As we pack up our house on Lancey Street in preparation for our move to Moosehead Lake, I am finding all kinds of things in boxes as we sift and sort. I came across this Mother’s Day card from my Riley a couple weeks ago. Joy and Grief immediately began to battle it out. JOY whispering compassionately that there was such tenderness in Riley’s heart and that I need to remember his sweetness. GRIEF flauntingly reminding me that I will never again receive a Mother’s Day card from Ry, or a card of any kind, let alone a hug or see his smile beyond those which reside in memory and in pictures. GRIEF – the coward – rarely travels alone, often brings REMORSE as his preferred companion. The message in this card particularly poignant, and foreshadowing as much of his life was.
Everything is still very raw. I keep telling myself it hasn’t even been two years. I hope that someday when I find treasures like this, that my mind gently embraces the gift. There was such tenderness in his heart. I miss him every day.
Twinkle’s writings have been included in publications and services around the world. For the first time bound in a poetry book all their own, her selected writings, some mystic in nature, others raw with physical-world portrayals of the landscapes we live in, created with passion, emotion, reflection and thoughtfulness.
Facebook was able to capture some of our precious moments on video and still images. We are so very blessed to have a core group of family and friends close by with whom we were able to spend time with during a time when many cannot do the same. Our home on the lake offers social distancing by its very nature. As such, our summertime looked like most other summers…with key exceptions: We were not able to visit with our children and grandchildren in Canada, nor our dearest family and friends throughout North America and around the world as travel is restricted to and from such places. We’ve been watching our grandchildren grow up this year via Facebook and video calls. And, being distanced from our Canadian children is heartbreaking after losing Riley only 6 months before travel bans were in place. This year our Memorials for Riley took place in two locations because all our families could not come together. In the end, this will likely serve best as there are now both American and Canadian sites that mark his life and his death with beautiful physical tributes. With Christmastime upon us, and another traditional visit-time with our Canadian family unable to happen, sadness cannot help but arise. We carry it with us even as we celebrate with those who we are able to be close with. Both/And is very much present. All totaled, we are healthy and safe and grateful for that which we do have.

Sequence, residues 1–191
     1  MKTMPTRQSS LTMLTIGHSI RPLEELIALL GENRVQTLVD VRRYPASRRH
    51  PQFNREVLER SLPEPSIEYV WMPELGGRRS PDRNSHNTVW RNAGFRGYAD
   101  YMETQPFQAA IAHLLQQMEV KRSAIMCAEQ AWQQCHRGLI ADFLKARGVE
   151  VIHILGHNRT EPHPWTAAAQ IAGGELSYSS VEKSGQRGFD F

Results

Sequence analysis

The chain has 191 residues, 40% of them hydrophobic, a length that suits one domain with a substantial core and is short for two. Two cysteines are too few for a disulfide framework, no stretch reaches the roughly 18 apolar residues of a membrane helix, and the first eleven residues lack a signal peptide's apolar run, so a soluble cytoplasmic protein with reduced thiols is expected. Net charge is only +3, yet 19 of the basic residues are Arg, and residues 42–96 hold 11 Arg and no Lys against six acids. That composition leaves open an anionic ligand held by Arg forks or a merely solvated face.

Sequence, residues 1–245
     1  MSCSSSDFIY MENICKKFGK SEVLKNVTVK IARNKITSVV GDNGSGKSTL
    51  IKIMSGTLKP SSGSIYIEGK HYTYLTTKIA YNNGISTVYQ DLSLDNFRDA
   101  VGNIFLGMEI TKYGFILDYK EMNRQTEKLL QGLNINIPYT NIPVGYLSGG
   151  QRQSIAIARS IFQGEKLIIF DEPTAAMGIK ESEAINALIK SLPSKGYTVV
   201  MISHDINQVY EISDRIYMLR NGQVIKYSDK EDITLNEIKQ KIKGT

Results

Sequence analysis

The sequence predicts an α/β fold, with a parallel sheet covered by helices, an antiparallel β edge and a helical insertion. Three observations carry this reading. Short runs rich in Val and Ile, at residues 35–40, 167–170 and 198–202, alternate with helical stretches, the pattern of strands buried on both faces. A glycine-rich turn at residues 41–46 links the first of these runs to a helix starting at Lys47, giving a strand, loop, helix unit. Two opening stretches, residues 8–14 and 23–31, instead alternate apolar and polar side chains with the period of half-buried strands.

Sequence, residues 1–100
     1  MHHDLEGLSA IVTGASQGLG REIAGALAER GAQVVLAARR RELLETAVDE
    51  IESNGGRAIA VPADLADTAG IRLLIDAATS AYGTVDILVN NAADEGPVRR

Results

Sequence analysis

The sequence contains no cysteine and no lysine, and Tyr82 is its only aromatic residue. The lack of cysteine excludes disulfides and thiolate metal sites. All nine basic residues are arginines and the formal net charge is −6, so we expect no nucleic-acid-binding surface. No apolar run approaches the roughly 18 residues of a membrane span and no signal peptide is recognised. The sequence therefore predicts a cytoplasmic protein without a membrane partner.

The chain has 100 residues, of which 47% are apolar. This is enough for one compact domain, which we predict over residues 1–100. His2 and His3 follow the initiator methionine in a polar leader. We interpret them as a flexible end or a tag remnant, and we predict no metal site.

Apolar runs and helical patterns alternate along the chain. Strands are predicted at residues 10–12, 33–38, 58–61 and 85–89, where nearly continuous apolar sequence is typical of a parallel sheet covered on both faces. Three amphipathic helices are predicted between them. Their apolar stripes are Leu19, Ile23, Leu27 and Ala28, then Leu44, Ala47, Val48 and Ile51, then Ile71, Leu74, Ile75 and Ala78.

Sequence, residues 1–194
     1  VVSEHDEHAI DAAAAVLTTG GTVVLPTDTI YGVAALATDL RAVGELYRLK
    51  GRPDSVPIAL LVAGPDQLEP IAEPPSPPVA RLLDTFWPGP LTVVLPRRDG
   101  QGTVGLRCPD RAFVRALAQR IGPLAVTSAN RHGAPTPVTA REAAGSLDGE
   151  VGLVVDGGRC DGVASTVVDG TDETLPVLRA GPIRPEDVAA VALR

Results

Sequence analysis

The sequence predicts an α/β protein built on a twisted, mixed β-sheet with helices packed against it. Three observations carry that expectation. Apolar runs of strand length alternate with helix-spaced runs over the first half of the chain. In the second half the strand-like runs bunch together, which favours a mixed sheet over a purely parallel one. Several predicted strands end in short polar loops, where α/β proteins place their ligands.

Sending love and blessings to you during this holiday season.
May you find comfort and peace and have measures of grace throughout your days.
The road toward Acceptance and intentional processing of deep grief.
As our friends and family know all too well, one year ago this month our son, Riley Dai, died tragically. He was 22 years old. It was an unexpected and violent death. Our family is reeling over this loss. Deep grief is what is present with me, even amid the ever-present joys of our very blessed life – ie: we welcomed three new grandbabies into our family this year, six in total, so much joy exists alongside and intertwined with this grief. Most days, outwardly, I am able to function, accomplish necessary tasks, and be attentive to our youngest child who is a young teenager. Run my businesses and answer my Call. But I had not even begun to process, let alone accept my son’s death. I know I need to and that the inward journey to do so is something I have been avoiding, with the exception of a brief stint of grief counseling early after he died. I decided that enrolling in some sort of creative program would help.
Whenever I think about what to enroll in, the “Om Tara Tu Tara” chant for liberation sings in my mind. Then, a few weeks ago, I saw a promo on social media for the “22 Day TARA Painting Meditation” – I knew instantly it was the perfect place for me to start.
The largest canvas I had here was an unfinished painting. So, I painted over much of the original painting, with some of the original paint still seen throughout.
I realize as I type that it is emblematic of where I am on my path. The life I envisioned for and with my son, the life he envisioned for himself, the dreams shared and seen in our imaginations yet never fully realized, will remain part of our/my memories of him. The future shape of our lives without him physically present is not a blank canvas, but one that will forever carry the loving imprint of him.
Each day of this meditation art program we are given a new aspect of the Tara to consider, along with a meditation, a written contemplation, a chapter in Rachael Wooten‘s beautiful book, and a video with Whitney Freya as guide. We each paint what we feel called to. We share as we wish with the others in the group. Doing so shows how diverse and unique our individual interpretations of Tara are. It is a very personal process, so evolutions of our paintings are personal as well.
Day after day. Layer after layer. We meditate. We paint. We meditate. We paint. It is cathartic, yes, and raw and opening wounds, and emotion inducing, and healing, and soothing and calming all rolled into one in this sacred space we call the canvas.